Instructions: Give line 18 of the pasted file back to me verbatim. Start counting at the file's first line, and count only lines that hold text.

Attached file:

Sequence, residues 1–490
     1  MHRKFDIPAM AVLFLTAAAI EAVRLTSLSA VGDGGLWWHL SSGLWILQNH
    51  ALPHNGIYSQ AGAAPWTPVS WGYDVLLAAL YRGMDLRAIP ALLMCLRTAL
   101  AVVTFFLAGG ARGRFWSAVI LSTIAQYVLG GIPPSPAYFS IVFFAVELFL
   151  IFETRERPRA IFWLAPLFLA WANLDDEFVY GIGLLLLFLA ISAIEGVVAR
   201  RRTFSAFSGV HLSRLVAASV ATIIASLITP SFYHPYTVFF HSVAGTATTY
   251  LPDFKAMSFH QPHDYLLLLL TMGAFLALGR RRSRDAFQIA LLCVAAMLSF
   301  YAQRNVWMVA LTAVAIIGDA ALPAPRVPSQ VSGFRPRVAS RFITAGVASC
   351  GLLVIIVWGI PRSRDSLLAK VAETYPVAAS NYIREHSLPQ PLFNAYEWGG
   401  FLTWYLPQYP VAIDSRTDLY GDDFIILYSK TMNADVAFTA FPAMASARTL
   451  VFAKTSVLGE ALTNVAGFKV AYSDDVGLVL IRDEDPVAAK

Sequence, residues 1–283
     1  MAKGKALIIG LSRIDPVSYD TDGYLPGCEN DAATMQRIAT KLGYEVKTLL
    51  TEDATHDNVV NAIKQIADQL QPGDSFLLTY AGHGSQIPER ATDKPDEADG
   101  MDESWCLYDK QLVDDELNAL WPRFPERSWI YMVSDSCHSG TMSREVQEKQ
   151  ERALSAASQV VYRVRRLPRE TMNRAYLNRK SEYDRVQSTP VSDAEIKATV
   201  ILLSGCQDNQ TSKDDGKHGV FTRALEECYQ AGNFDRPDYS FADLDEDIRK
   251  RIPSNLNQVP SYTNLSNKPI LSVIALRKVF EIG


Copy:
   251  RIPSNLNQVP SYTNLSNKPI LSVIALRKVF EIG